Breyinn Loftin Specializes in Polymers for Biomedical Applications
Breyinn Loftin, a second-year Ph.D. student in the Department of Chemistry, is the recipient of an NSF Graduate Research Fellowship. Widely considered to be one of the top honors a graduate student can receive, this fellowship is highly selective, with over 12,000 applicants this year for 2,000 awards.
“I am truly grateful and honored for this award,” said Loftin, who is advised by Eva Harth, professor of chemistry and director of the Welch Center for Excellence in Polymer Chemistry. This fellowship, which runs for three years, comes with a competitive stipend, an allowance for tuition, as well as additional professional development opportunities.
Loftin, who got involved in research as an undergraduate, works on the synthesis and characterization of polymers for use in biomedical applications. “Polymer chemistry is very applications-based,” said Loftin, who cites that as one of the reasons she entered the field.
Hydrogels for Use in Regenerative Medicine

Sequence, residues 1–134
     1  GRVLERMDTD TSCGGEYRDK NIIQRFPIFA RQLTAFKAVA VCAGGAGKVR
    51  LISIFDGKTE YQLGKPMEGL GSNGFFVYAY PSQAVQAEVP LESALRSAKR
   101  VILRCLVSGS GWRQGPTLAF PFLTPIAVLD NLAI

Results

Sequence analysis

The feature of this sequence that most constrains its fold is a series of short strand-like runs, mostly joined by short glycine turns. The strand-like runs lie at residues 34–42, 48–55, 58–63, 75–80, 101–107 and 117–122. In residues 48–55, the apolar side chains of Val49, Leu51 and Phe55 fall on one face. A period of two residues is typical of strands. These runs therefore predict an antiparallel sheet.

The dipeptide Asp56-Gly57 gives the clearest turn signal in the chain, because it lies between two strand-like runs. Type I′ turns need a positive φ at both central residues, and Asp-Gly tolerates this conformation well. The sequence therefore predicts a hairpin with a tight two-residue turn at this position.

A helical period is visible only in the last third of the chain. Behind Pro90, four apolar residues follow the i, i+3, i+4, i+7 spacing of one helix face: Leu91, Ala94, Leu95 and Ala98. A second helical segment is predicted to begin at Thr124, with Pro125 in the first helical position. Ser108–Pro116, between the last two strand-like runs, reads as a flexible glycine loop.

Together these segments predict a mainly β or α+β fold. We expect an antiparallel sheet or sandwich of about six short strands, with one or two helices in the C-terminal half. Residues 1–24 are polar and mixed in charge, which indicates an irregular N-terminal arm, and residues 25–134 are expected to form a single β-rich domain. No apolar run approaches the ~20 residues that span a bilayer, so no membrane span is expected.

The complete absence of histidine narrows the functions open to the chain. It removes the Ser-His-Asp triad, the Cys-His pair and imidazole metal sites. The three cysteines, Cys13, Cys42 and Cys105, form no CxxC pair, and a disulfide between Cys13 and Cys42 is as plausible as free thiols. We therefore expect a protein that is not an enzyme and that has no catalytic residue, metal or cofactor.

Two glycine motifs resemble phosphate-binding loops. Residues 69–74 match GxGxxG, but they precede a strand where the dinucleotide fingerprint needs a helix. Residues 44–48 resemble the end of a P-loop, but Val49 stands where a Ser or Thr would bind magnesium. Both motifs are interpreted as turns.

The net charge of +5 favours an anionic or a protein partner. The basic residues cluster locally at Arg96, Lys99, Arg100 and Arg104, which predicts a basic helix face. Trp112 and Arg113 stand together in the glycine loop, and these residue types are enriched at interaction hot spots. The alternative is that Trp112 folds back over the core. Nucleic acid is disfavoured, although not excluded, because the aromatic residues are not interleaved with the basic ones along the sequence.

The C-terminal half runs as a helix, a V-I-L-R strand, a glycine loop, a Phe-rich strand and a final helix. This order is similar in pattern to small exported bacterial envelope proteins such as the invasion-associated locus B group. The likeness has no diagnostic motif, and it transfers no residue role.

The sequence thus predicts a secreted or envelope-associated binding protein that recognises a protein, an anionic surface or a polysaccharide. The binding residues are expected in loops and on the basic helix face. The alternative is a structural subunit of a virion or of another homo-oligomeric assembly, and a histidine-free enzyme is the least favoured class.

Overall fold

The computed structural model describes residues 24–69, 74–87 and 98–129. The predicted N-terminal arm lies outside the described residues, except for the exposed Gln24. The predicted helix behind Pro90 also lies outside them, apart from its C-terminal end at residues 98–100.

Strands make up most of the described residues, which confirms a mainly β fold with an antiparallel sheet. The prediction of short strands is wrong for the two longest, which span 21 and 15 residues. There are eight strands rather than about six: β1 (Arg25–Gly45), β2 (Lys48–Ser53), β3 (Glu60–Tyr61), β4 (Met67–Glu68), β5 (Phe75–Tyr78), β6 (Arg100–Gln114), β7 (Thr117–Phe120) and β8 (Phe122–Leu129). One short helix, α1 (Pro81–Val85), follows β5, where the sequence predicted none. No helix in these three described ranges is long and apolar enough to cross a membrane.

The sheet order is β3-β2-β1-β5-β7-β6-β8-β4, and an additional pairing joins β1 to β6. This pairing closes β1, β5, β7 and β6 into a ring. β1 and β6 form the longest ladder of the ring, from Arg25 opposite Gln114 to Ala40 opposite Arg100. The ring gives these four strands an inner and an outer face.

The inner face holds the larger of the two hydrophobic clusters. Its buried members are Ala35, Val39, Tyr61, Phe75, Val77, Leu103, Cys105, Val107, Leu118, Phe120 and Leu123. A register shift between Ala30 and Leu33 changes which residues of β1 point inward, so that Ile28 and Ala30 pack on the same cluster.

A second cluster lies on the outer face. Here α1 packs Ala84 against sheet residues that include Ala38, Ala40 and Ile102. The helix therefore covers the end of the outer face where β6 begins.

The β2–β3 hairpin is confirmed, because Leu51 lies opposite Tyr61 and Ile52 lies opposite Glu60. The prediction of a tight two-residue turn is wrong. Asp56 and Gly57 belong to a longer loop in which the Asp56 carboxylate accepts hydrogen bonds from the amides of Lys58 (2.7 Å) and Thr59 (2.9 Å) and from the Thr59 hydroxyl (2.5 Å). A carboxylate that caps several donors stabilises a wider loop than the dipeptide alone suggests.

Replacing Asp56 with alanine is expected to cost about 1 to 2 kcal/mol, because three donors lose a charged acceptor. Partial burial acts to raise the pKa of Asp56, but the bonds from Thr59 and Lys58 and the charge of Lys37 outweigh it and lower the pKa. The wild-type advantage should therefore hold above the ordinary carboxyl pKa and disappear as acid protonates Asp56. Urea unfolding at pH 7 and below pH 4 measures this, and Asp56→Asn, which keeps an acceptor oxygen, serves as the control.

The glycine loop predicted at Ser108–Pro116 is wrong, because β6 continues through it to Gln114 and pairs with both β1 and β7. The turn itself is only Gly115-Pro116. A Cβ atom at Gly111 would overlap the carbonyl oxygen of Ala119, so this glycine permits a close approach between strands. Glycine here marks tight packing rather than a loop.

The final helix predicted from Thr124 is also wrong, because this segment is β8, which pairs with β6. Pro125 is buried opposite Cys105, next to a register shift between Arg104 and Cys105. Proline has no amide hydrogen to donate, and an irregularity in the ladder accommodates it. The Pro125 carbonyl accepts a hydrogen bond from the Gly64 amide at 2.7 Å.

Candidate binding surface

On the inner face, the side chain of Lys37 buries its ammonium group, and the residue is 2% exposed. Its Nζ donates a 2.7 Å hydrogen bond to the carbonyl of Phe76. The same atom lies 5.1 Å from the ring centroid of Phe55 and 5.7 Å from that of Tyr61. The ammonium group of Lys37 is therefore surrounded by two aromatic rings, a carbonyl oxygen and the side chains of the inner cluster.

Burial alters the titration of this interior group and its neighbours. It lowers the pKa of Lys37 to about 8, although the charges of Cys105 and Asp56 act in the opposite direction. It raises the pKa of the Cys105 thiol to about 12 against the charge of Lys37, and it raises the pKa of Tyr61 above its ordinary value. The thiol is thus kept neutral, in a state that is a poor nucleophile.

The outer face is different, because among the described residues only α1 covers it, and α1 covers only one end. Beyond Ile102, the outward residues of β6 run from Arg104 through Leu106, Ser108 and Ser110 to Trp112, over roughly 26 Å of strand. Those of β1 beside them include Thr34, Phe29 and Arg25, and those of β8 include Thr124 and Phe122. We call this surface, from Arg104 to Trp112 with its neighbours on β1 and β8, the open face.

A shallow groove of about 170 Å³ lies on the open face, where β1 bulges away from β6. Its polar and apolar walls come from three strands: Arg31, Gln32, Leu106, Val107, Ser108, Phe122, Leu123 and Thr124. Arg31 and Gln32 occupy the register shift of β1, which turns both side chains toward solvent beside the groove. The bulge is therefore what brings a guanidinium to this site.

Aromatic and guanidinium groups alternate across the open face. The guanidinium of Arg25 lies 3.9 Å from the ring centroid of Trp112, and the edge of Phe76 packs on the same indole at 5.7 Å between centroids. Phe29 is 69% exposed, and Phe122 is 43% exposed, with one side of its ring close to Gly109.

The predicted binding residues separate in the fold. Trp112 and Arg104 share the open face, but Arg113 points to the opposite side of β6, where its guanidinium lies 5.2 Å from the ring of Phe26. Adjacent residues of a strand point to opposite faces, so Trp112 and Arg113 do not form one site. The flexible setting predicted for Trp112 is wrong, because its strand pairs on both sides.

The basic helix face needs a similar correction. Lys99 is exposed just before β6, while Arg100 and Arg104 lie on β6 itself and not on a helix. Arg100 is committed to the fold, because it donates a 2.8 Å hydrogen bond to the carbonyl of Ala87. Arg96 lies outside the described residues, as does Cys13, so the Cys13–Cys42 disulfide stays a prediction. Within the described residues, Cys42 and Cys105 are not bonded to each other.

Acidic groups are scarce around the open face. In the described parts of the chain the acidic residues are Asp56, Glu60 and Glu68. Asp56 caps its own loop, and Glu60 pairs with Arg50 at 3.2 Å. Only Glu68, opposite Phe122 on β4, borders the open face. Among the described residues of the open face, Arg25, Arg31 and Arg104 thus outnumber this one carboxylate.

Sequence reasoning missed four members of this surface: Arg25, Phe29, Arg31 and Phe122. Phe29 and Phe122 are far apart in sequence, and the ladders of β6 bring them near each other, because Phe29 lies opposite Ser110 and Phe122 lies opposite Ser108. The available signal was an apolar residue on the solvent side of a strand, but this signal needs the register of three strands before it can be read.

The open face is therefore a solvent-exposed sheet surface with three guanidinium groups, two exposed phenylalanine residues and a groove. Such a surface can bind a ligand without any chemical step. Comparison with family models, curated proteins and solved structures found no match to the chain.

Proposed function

“My research focuses on 3D-polymer networks, also called hydrogels, which can be used in regenerative medicine applications,” Loftin said. Regenerative medicine is the science of using living cells to repair or replace diseased or damaged tissues.
“Hydrogels are biocompatible and their composition can be tuned both chemically and physically,” Loftin said. “This makes them ideal for use in regenerative medicine applications.”
One potential application for hydrogels would be as a replacement for articular cartilage, which is the type found in joints. When articular cartilage wears away, the result is arthritis.
Loftin is working on developing hydrogels and polymerization methods to tune the mechanical strength and elasticity of these gels. One of the major challenges for research in this area is designing materials that are biocompatible while possessing the necessary strength for its biological environment.
Fine-Tuning Physical Properties for Different Functionalities
Loftin’s research focuses on adapting hydrogel properties, fine-tuning their physical and chemical properties, to better mimic the tissues and fibers found in the body. She plans to utilize polymer chemistry concepts and techniques to prepare a variety of polymer materials for her research. She’ll be testing out these polymers to see which ones have potential for use as replacement materials in the body and other biomedical technologies.
“A huge part of this research includes finding new ways to join polymers together to create a unique material,” Loftin said.
Moving forward, Loftin wants to use her time to mentor others.
“I was fortunate to have great mentors,” Loftin said. “I’d like to pay it back by mentoring undergraduates and encouraging them to do research.”
- Rachel Fairbank, College of Natural Sciences and Mathematics